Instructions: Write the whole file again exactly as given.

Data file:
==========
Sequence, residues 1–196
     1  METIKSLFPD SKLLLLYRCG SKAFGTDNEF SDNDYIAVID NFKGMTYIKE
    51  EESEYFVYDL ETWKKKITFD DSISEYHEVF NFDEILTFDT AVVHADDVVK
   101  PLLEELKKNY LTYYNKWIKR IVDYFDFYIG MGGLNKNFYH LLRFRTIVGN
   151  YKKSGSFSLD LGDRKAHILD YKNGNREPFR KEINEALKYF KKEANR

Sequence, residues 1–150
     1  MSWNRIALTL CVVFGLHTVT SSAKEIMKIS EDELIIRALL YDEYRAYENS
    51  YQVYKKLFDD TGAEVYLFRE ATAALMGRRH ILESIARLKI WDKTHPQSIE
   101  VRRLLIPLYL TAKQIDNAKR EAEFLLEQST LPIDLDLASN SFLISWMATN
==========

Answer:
Sequence, residues 1–196
     1  METIKSLFPD SKLLLLYRCG SKAFGTDNEF SDNDYIAVID NFKGMTYIKE
    51  EESEYFVYDL ETWKKKITFD DSISEYHEVF NFDEILTFDT AVVHADDVVK
   101  PLLEELKKNY LTYYNKWIKR IVDYFDFYIG MGGLNKNFYH LLRFRTIVGN
   151  YKKSGSFSLD LGDRKAHILD YKNGNREPFR KEINEALKYF KKEANR

Sequence, residues 1–150
     1  MSWNRIALTL CVVFGLHTVT SSAKEIMKIS EDELIIRALL YDEYRAYENS
    51  YQVYKKLFDD TGAEVYLFRE ATAALMGRRH ILESIARLKI WDKTHPQSIE
   101  VRRLLIPLYL TAKQIDNAKR EAEFLLEQST LPIDLDLASN SFLISWMATN